Cause & Effect?
The Complex Relationship between Anti-Depressiants and Low-T
Anti-depressant medications have provided relief to millions who suffer from depression and other emotional illnesses, although the overall efficacy and benefit of these pharmaceuticals has always been controversial. Empirical and anecdotal evidence points to a relationship between the use of antidepressants, particularly a class known as SSRIs, and the presence of Low-T levels among many men who take antidepressants. SSRIs stands for selective serotonin reuptake inhibitors. These medications prevent the brain from using up its store of serotonin, a chemical that has an impact on feelings of well being. However, researchers and scientists have not been able to zero in on a cause and effect relationship. Nonetheless, savvy healthcare practitioners urge caution to patients who have Low-T to exercise caution when using anti-depressants, espcially SSRIs.
More on the Link between Antidepressants and Low Testosterone
Anti-depressants have been used to treat depression since the 1950s and are wildly popuar, used by as many as 10% of the U.S. population. In many cases, the antidepressant medications were first developed to relieve symptoms of other diseases, such as epilepsy, when it was discovered through clinical trials and studies that they also benefitted individuals with certain affective mood disorders, especially depression.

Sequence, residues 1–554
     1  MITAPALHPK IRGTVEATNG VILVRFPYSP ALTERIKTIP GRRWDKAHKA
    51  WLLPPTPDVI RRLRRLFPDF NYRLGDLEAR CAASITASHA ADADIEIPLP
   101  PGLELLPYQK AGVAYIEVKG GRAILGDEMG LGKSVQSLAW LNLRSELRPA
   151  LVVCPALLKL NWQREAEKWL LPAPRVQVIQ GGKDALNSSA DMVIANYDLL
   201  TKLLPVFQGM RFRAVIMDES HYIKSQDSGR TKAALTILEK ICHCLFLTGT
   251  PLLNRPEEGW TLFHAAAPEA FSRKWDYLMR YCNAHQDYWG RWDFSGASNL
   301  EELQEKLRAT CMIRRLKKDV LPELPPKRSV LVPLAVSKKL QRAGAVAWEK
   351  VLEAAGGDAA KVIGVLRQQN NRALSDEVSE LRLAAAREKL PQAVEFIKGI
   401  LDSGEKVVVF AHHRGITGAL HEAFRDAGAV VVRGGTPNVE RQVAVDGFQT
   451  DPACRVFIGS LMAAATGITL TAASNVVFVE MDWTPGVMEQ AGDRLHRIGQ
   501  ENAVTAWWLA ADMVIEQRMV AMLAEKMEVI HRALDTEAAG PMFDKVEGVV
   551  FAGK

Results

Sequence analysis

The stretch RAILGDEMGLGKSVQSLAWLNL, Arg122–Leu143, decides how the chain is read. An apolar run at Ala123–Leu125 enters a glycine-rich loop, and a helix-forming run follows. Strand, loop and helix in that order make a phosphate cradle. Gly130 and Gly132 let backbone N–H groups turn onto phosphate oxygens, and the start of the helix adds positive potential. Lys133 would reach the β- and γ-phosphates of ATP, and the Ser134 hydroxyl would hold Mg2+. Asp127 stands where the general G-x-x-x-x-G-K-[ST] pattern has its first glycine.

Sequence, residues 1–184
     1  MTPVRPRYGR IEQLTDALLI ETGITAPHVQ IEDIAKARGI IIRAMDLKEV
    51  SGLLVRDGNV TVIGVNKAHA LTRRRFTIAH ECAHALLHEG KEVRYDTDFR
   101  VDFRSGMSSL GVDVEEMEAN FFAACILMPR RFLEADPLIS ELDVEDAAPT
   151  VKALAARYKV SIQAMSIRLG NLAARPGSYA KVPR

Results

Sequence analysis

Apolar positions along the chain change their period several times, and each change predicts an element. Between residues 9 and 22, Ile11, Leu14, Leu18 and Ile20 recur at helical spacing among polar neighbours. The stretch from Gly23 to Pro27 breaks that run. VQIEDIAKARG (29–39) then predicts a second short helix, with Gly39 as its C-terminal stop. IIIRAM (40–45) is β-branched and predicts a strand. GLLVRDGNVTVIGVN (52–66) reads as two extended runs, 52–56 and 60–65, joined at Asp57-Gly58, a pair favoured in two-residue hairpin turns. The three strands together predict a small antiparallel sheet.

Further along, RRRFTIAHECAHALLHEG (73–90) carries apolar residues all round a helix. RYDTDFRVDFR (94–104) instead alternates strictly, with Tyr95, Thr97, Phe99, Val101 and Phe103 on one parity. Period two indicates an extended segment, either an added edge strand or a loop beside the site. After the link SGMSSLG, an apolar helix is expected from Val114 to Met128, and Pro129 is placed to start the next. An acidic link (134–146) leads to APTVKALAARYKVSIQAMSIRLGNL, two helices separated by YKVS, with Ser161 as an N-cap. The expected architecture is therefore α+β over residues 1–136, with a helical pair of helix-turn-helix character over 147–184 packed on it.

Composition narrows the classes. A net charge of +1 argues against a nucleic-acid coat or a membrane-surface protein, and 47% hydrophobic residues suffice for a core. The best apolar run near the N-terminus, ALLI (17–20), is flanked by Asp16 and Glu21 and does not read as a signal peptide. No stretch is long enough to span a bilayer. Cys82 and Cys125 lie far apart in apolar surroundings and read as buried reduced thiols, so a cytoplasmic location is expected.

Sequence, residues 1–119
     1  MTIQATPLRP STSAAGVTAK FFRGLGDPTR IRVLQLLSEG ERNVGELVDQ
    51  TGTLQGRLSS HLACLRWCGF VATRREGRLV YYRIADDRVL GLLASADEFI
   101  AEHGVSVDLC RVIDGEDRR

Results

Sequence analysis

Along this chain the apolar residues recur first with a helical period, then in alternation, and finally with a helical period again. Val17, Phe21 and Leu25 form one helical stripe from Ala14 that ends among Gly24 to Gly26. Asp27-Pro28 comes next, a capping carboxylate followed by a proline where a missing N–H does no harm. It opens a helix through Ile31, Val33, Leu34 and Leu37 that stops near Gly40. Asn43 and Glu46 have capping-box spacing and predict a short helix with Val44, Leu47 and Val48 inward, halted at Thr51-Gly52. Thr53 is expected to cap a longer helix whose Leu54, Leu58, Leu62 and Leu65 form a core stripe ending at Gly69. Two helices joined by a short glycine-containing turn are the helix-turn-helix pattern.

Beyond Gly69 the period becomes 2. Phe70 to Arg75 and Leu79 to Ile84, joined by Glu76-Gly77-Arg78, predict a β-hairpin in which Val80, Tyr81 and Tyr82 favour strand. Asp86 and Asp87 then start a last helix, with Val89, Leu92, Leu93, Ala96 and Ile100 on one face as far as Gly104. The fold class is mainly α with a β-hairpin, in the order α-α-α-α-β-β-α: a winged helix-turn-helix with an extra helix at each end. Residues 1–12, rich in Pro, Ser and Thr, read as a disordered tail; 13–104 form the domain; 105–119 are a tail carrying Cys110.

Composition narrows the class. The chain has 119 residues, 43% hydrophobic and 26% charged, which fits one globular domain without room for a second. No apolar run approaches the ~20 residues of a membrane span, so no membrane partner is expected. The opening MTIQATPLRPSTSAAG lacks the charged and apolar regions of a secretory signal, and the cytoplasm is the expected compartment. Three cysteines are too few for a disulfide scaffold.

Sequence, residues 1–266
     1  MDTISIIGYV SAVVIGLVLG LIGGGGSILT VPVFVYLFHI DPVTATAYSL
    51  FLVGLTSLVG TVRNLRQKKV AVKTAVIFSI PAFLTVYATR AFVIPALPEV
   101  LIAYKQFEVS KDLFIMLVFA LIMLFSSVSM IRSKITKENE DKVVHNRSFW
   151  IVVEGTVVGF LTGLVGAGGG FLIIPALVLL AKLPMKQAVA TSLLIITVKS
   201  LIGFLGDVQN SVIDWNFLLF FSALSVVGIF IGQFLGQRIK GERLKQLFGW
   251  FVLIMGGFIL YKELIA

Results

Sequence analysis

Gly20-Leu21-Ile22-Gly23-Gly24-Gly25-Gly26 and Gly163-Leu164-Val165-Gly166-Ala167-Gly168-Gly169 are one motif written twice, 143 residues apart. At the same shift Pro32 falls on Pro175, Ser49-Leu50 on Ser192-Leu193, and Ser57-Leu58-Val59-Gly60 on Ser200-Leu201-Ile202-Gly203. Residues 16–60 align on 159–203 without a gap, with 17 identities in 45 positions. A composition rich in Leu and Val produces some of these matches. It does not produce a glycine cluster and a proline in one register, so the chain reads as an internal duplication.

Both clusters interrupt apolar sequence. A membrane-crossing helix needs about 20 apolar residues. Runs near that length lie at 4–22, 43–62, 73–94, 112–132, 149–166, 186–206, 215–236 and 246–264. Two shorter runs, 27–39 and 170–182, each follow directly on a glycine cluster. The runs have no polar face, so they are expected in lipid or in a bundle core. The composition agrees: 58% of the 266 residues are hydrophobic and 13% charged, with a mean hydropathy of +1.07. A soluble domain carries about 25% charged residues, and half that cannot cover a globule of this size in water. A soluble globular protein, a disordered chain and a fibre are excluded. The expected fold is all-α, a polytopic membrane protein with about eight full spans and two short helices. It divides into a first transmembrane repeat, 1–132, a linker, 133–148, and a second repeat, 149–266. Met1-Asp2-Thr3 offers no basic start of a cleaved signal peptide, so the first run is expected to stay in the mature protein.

The essential duty of anti-depressants is to alter a patient’s brain chemistry in such a way that it relieves symptoms of depression. They are often prescribed for use over the long term and often take as long as 4-6 weeks to reach full therapeutic levels.
Physicians and researchers have observed an association between the use of anti-depressants and the occurrence of Low T.
Although anti-depressants are associated with numerous potential side-effects, the link between anti-depressants and Low-T remains a mystery to researchers.
Scientists caution that correlation does not equal causality; they believe it is possible that Low-T causes depression, which in turn motivates men to use antidepressants.
The bottom line? Scientists do not know if antidepressants cauue Low-T, however they have overwhelming evidence of a strong association.
If I’m Feeling Blue, Should I suspect Low-T?
This is something you should discuss with your healthcare provider. Proper testing of both total and free testosterone levels can identify whether you have Low-T. It is highly likely that treatment for a clinically confirmed case of Low T will make you feel better emotionally. In addition to anti-depressants, there are other treatment options available to those who suffer from depression, including cognitive therapy.